A quarter of a mile before we reached the compound, I told him to stop and wait for me. As I approached the guard tower, that same sweet sound of snoring greeted me again. That same smile that had lit up my face on the way out, clicked back on. I snuck slowly, ever so slowly back across the compound, grabbed my passport and headed back out towards the exit. It was then that my luck ran out.

Just as I passed the tower, I stepped on a loose piece of bamboo or something and the snoring abruptly ceased. I heard the guard grunt as he stirred back to life. It was now or never. I took off down the road. He was slow to awaken but as I looked back, I could see him stand up as I disappeared into the darkness. I knew that he and his boys would be after me in short order.

I jumped in the cab and screamed, “Move!” He did, tires screeching, dust flying, his eyes as big as rice bowls. I had never been in an actual car chase before, only played a cop in a few on TV and the movies. I was certainly in one now. Though I couldn’t see them yet, I knew they would be in a jeep and heading my way soon, if not already. Luckily, I knew where I was going. They didn’t.

There were times during that ride, swerving around corners and slower vehicle, not a seatbelt in sight, where I thought, “I’m done for.” My luck was returning. I could see the Immigration hut just up ahead and no jeep behind. We slowed down but my adrenalin was pumping and I came out of that car as if ejected by a toaster. I paid the cabbie and, for just one second, our eyes met and we chuckled. He wouldn’t soon forget this night.

I got my passport stamped and found a little fishing boat with an old guy asleep in it. I swear the outboard motor on it was the size of a softball. I told him where I was going. Getting into that boat (I use that term loosely) was as tricky as getting out of that compound alive. With the weight of two people, there was maybe a foot from the rim to the water. I grabbed the sides and held on for dear life.

The river was as black as the nighttime sky. The current was swift. The water was deep. My life was in the leathery hands of a sleepy old fisherman. If I went over, it was over.

Just like the walk down the road outside the compound, it seemed like we were in that boat forever. My fear was tempered by the relief I felt having escaped with my life. Once again, my relief was short-lived.

The water suddenly came alive all around me. I thought, “Paraná?!” That’s all I needed, the boat tipping into a river full of man-eating fish. It was then that I heard the chatter. I turned and saw them. Upriver, way off in the distance, I could see the muzzle flashes. Papasan’s hooligans had figured it out and the jig was up. I froze. There was nowhere to go. Any sudden movement could capsize the boat and dump me into the murky darkness below. So I sat there, bullets zinging by my ears, and waited as the chatter became more distant.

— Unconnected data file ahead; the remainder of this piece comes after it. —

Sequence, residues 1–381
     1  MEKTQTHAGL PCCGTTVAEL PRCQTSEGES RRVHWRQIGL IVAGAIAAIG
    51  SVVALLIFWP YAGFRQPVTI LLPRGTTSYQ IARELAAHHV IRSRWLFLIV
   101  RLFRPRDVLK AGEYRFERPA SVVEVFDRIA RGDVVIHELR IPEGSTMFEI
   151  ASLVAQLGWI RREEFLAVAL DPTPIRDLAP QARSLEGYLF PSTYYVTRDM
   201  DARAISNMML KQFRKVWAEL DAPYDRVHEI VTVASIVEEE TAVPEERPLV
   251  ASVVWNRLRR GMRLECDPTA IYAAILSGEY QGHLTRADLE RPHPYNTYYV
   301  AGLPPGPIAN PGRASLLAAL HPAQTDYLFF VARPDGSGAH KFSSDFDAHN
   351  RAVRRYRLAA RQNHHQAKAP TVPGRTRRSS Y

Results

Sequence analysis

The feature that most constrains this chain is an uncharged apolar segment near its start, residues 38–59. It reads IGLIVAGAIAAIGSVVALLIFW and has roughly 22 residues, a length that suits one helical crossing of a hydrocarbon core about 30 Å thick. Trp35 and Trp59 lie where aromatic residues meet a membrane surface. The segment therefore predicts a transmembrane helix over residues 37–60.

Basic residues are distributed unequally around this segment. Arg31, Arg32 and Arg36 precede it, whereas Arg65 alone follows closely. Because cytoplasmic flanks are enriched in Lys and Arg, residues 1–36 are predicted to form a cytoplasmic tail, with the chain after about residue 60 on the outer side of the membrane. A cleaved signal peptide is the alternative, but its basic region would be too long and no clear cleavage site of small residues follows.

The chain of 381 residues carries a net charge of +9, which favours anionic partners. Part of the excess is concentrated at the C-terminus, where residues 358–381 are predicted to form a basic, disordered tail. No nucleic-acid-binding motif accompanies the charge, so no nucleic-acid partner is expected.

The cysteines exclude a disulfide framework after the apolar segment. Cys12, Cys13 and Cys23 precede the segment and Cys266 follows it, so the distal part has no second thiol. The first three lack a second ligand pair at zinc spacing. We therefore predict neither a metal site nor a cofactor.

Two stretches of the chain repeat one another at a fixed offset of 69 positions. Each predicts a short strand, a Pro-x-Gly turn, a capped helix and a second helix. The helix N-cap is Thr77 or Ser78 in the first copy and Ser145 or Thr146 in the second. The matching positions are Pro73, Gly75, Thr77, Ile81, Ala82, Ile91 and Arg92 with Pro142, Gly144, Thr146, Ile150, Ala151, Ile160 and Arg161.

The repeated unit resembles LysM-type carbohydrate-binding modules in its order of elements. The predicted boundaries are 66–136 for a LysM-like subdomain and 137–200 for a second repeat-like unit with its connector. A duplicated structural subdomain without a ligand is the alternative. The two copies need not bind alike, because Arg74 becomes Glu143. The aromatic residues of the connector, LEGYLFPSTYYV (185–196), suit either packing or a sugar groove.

When my old fisherman friend dropped me off, I sat in the sandy dirt. I was never so happy to feel dry earth under my feet. I looked back at where I’d just been and saw only blackness. No more chatter. All I could hear was the river lapping on the banks and the jungle sounding off. It all came tumbling down. Sitting on a log alone in the darkness, I wept like a baby. I thought to myself, “This kind of shit isn’t supposed to be happening to me in some far off jungle. I’m just a kid from Brooklyn!”


“Goodbye” reared it’s ugly head again this week. Four sweet California buds stopped by for a week of touring around San Miguel with me. There’s lot’s to complain about when friends visit. They often break you out of your normal rhythm. You feel obligated to show them around and responsible for their safety. They want to see everything, everyday. Luckily for me, these guys were fun company, seasoned travelers, a joy to hang with. We saw some things that I had never seen, actually introducing me to places I wanted to visit but hadn’t gotten around to yet.
Top of the list of experiences with this group was our trip to the Sanctuary of Atontonilco, a World Heritage Site about 45 minutes from SMA. The outside is simple, giving no indication of what lies inside. I’m not a religious guy, but this place truly moved me.
work that adorns the main nave and chapels that took Antonio Martinez de Pocasangre about 30 years to finish. The murals led the complex to be called the “Sistine Chapel of Mexico,” attracting over 5000 people a week to the tiny town. There are statues all over depicting scenes of the Crucifiction and the lives of various saints.
We spent the rest of the day soaking in the nearby underground springs called, “La Gruta,” with it’s beautiful, well-kept grounds and underground caves and passages leading from warm to hotter waters.
Saying goodbye to these friends was so hard, I had to do it quickly at the bus station so they wouldn’t see the tears. Goodbye is not an easy word for me but it’s an inevitability for ever traveler.

Be excellent to each other and remember: Think twice before hitting “Send.”

Chapter 2 and Chapter 3

Excerpt from my memoir “The Kid Who Got Away

I began this story in an earlier blog called “Bangkok, Bongs, Bars and Booms!” but never finished; leaving you with no way to know how “The Kid Got Away.” Here’s Chapter Two: